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What advisers are saying: Getting clients to implement advice

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The value that protection brings in peace of mind far outweighs the cost. But it does not always outweigh inertia. 

For instance, relevant life policies (when you qualify for them, say, as a shareholding director of an SME) deliver that peace of mind at tax-reduced cost with tax-free benefits.

As an employer looking to reward and encourage loyalty in key employees with family and dependants, setting up and paying for an RLP delivers tax-reduced tax-free benefits for the employee – low-cost loyalty.

What’s not to like? Yet for nearly eight months, since my son Noah’s birth, the application pack has sat on my desk. Here are some of the things I have achieved while not putting an RLP in place:

  • Carried out a full audit on the number of door handles in our home – partly because mini Wickenden loves handles at the moment and partly to assess the level of fool-proofing required when he can get at what is behind said handles.
  • Tracked down and bought the gold (coloured stainless steel) Casio calculator watch I always wanted as a kid.
  • Had 11 haircuts.

Newton’s first law of motion states: “An object at rest will stay at rest, forever, as long as nothing pushes or pulls on it; an object in motion will stay in motion, travelling in a straight line, forever, until something pushes or pulls on it.”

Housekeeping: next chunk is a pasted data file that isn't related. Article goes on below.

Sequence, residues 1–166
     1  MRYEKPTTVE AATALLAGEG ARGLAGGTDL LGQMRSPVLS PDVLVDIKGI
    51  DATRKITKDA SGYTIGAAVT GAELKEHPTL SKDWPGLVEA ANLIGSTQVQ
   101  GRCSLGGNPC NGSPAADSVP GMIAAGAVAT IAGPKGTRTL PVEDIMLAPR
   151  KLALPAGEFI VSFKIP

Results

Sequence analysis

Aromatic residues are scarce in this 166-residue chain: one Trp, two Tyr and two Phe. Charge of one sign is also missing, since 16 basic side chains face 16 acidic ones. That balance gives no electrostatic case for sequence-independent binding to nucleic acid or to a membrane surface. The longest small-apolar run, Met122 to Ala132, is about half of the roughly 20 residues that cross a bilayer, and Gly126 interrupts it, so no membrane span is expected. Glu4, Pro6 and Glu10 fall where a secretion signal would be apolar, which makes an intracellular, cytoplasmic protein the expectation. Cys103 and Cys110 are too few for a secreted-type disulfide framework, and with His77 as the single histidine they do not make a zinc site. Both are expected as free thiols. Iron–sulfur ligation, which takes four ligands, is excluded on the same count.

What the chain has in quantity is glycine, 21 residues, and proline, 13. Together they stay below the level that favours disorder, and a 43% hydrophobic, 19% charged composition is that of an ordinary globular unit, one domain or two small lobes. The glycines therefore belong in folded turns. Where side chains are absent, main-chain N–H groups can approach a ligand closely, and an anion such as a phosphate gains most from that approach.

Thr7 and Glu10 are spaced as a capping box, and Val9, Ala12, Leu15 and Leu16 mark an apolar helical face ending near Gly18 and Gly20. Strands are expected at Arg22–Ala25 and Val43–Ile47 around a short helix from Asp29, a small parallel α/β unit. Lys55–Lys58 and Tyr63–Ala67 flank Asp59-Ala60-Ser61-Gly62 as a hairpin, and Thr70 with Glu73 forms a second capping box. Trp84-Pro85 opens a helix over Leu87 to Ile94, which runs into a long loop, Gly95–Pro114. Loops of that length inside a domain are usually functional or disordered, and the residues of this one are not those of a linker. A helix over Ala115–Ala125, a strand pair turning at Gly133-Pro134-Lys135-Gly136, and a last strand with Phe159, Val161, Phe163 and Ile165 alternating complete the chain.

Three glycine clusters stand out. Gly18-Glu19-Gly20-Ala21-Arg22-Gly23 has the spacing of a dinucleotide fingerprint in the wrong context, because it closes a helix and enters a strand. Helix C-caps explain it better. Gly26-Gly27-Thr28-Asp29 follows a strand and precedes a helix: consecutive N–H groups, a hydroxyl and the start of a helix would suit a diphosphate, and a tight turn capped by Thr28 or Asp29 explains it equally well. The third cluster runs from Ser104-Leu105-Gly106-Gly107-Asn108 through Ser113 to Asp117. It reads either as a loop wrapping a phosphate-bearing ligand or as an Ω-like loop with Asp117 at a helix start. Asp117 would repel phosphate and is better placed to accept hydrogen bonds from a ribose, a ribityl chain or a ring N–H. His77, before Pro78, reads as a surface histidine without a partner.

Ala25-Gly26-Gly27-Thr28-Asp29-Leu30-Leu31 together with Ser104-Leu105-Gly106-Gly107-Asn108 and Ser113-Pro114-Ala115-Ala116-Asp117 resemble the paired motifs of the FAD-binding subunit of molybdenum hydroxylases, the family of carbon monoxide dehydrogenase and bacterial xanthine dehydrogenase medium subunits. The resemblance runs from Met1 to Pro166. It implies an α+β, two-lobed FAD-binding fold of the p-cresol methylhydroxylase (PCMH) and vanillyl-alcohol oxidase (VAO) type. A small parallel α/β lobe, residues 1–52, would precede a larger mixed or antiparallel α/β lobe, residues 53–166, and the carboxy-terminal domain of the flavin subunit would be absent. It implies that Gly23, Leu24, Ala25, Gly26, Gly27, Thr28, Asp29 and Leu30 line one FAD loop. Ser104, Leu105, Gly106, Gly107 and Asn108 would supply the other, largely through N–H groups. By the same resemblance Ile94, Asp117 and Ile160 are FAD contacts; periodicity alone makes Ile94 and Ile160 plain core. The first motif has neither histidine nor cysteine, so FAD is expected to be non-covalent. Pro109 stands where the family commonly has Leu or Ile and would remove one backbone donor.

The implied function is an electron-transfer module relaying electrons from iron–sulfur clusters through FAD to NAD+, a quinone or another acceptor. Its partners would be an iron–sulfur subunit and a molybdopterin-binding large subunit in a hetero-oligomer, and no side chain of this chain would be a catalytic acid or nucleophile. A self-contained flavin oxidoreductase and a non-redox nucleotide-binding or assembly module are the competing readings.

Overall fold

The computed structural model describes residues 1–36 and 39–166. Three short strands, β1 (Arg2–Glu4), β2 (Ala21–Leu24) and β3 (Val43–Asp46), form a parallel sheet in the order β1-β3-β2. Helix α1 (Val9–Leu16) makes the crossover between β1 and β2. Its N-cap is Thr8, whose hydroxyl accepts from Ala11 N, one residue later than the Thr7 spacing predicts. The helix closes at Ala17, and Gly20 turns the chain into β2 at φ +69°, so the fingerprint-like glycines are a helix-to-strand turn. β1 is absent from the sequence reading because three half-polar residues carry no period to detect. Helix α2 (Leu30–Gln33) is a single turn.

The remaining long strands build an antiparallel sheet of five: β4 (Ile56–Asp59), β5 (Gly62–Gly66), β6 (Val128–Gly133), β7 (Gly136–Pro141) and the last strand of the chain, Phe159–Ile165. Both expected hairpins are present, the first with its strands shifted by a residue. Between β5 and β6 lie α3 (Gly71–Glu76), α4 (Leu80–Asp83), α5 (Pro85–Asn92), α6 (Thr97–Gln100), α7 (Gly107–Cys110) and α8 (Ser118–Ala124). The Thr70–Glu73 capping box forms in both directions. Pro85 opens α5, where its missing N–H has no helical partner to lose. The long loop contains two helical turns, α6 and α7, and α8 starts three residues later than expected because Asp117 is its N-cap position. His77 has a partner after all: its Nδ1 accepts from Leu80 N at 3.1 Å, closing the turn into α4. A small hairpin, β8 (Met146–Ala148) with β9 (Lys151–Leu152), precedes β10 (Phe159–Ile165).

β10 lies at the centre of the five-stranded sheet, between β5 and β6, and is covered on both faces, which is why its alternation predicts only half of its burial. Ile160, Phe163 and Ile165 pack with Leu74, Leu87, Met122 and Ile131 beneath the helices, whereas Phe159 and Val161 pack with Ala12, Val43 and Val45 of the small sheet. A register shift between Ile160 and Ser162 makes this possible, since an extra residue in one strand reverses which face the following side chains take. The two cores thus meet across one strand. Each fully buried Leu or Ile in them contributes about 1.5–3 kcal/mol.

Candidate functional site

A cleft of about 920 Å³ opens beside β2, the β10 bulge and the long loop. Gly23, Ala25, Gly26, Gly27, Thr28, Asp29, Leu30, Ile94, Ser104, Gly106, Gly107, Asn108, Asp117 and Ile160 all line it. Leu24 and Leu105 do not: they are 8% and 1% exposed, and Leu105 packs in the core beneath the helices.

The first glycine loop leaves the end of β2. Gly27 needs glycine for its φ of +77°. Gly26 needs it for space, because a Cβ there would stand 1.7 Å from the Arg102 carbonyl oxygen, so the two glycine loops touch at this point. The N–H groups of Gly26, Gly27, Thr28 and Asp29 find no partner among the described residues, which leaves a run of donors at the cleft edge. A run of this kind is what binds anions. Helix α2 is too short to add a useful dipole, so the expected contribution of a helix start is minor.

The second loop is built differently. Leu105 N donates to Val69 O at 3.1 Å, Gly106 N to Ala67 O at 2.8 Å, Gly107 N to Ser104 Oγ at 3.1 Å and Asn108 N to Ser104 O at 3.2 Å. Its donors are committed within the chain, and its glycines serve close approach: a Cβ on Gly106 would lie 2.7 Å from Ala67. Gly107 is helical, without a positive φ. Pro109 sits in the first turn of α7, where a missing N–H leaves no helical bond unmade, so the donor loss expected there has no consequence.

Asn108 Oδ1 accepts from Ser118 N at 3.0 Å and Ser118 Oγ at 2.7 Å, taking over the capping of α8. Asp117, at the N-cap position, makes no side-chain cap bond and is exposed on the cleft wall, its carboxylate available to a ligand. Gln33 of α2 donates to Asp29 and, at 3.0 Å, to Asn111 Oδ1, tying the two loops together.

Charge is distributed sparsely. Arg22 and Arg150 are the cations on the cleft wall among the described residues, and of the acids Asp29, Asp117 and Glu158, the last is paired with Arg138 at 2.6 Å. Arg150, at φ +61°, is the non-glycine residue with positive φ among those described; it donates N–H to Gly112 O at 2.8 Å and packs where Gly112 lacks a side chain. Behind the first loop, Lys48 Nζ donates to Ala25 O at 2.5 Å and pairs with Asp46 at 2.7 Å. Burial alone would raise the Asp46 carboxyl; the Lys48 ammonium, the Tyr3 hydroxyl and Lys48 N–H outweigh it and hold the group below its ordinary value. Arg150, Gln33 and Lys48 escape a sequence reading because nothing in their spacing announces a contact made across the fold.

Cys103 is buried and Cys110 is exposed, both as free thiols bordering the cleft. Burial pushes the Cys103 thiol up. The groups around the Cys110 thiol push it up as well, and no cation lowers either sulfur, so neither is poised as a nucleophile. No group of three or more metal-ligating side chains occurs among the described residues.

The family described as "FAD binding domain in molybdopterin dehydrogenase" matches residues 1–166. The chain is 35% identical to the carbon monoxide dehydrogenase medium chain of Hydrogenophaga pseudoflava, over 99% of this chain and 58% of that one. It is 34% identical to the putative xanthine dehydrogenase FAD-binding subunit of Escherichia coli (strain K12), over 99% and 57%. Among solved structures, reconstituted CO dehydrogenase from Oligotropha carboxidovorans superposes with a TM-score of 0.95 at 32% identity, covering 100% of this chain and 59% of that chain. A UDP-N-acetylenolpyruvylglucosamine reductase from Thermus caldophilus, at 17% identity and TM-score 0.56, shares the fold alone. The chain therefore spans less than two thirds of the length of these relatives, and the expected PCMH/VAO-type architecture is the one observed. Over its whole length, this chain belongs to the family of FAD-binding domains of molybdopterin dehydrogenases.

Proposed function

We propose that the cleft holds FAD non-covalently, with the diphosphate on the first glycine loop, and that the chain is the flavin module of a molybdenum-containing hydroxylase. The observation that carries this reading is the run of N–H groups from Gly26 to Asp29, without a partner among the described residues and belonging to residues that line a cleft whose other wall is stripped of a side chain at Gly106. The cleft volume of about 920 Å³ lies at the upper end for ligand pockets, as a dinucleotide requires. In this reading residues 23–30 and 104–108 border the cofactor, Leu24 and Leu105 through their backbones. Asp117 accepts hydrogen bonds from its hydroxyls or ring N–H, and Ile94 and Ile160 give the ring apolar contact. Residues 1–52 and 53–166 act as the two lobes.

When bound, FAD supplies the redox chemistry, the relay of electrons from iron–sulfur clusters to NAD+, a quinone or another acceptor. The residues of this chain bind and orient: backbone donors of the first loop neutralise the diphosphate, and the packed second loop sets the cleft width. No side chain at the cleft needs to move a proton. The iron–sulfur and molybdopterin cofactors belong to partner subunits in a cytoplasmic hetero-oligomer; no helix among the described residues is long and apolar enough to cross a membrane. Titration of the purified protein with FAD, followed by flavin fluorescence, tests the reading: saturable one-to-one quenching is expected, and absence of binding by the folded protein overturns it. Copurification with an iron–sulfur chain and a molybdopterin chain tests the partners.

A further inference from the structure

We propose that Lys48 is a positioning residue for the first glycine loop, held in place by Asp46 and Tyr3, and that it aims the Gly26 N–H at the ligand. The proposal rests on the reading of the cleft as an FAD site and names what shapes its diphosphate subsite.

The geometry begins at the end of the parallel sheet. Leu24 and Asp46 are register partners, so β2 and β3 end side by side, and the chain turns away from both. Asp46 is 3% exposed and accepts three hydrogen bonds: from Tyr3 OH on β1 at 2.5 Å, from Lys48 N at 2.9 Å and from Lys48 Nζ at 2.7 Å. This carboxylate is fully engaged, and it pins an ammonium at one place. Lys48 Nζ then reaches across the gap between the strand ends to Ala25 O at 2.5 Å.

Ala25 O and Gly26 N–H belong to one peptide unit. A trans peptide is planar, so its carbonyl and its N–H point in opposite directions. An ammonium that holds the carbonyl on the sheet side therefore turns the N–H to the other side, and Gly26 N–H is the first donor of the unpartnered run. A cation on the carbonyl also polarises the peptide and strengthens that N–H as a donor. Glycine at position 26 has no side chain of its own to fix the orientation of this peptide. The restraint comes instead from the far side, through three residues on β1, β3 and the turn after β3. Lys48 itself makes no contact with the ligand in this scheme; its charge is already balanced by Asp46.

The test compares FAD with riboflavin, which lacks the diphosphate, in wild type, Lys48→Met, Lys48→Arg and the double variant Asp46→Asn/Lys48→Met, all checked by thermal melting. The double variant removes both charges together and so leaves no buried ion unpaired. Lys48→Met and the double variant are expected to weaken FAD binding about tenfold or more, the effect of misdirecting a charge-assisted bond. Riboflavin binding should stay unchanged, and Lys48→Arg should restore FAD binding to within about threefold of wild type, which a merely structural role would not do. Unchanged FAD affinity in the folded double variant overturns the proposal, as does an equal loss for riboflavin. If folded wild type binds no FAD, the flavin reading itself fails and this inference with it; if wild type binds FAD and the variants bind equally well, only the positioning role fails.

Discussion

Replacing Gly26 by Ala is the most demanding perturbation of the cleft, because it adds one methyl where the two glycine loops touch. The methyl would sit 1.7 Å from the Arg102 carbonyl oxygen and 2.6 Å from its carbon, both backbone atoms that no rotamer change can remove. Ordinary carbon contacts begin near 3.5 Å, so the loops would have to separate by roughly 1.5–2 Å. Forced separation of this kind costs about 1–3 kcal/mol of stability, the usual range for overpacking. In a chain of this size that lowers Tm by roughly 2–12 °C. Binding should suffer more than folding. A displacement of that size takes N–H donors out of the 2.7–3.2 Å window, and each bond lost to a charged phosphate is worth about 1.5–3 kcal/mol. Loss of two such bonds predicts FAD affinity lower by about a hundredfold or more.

So what does it take to create this kind of unstoppable motion? What is necessary to overcome the huge proportion of advised clients that agree there is a need, see the benefits and still do nothing?

The Railway Passengers Assurance Company (circa 1849) used to have insurance ticket machines on platforms covering death and disablement. While I am not advocating a wholesale shift to a D2C model of this ilk, it does underline that more could be done to align with (and positively influence) the consumer’s journey.

The fact is, as BBC’s Horizon programme pointed out last week, the deliberate, logical part of your mind which is capable of analysing a problem and coming up with a rational answer (and the part of the brain that most of our industry’s efforts are aimed at most of the time) is slow, requires lots of energy and is extremely lazy.

On the other hand, the intuitive part of your mind is powerful and is actually responsible for most of the things that you say, do, think and believe.

That is not going to change but what we do as an industry to help more people arrive at better outcomes can.

Phil Wickenden is managing director of So Here’s The Plan phil@soherestheplan.co.uk

IFA quotes from research…

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